Did you know that the U.S. Senate has found something to agree on: Native Plants!On March 25th, U.S. Senators Rob Portman (R-Ohio) and Mazie Hirono (D-Hawaii) introduced a resolution declaring April as "National Native Plant Month." Amazingly, the Senate passed the declaration by unanimous consent. They all agreed!
Wherever you live, native plants are vital to your local wildlife.
Flowering native plants provide the pollen and nectar vital to native insects.
This mallow was one of the first native plants we grew successfully. It provides food for native insects, which in-turn provide food for the Bewick's wren and bushtits that regularly nest in our yard.
A family of western fence lizards live in the protection of its branches and leaves.
The mallow also helps hold our hillside. We know it is in the right location because it has grown from a single plant to patch of plants.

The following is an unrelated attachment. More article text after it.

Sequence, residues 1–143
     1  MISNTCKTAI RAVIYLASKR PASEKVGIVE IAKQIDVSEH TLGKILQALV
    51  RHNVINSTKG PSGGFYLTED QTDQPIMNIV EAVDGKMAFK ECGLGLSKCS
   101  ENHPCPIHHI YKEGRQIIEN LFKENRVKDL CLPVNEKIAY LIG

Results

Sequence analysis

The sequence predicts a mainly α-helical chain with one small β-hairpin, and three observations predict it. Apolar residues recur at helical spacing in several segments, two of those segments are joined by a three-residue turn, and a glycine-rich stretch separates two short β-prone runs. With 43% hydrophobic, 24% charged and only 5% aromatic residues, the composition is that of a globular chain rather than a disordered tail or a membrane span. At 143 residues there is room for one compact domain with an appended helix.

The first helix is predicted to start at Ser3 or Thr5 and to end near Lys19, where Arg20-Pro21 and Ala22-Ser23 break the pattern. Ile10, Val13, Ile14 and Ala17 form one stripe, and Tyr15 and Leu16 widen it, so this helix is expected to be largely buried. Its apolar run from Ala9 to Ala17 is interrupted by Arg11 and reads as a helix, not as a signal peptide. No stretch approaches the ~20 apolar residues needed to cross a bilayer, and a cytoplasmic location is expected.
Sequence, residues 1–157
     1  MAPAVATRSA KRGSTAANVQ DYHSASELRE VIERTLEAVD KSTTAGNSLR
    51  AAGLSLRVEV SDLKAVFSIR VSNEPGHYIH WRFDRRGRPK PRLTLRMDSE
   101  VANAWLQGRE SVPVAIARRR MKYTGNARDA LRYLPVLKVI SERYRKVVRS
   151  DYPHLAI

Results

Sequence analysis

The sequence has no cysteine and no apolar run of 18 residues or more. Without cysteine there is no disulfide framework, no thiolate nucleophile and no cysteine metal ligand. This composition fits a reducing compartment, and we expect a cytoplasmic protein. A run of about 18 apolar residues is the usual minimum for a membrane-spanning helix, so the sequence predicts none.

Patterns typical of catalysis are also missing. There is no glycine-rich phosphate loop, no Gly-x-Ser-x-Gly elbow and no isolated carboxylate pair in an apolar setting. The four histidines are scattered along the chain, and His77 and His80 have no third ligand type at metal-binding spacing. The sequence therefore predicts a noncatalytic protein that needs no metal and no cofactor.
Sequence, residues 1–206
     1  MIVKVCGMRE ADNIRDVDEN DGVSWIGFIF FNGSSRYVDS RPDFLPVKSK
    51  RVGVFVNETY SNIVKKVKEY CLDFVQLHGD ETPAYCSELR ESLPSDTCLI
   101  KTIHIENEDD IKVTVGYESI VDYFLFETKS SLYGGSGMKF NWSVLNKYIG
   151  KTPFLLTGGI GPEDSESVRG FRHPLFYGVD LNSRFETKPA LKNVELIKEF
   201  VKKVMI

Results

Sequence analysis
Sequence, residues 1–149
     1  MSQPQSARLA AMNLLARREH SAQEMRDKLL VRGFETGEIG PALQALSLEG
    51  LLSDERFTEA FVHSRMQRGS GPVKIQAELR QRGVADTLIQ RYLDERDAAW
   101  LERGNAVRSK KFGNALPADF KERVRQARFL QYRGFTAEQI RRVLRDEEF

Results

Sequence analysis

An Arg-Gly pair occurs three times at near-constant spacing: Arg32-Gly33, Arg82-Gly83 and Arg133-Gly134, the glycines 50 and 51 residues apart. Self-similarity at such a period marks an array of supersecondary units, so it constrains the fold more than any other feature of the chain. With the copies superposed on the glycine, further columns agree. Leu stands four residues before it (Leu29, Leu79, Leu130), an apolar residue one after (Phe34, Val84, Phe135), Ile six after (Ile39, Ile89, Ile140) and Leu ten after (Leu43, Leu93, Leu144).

This cultivar of California fuchia (Epilobium canum) feeds our Anna's and Allen's hummingbirds. I love the brilliant red flowers.
Ceanothus has long been some of our favorite native plants. Also known as California lilac, they bloom in a range of purple to white flowers. This new specimen is a 'Ray Hartman'. It will grow to the size of a small tree. We used it as a living Christmas tree in a pot this past December and now it is filling out nicely to become a screening plant between us and our neighbors.
The purple to blue flowers feed a variety of bee species, including valley carpenter bees. It has grown six inches in the past four months. We are thinking of adding a second plant beside it.
The Douglas iris (Iris douglasiana) (in white and purple) are showstoppers in the spring and their ground cover provides a year-round home for a lovely alligator lizard, another insect eating native species.
Native plants are adapted for their location and native wildlife is adapted to interact with them. Planting native plants can change your yard from sterile landscaping to a wildlife refuge.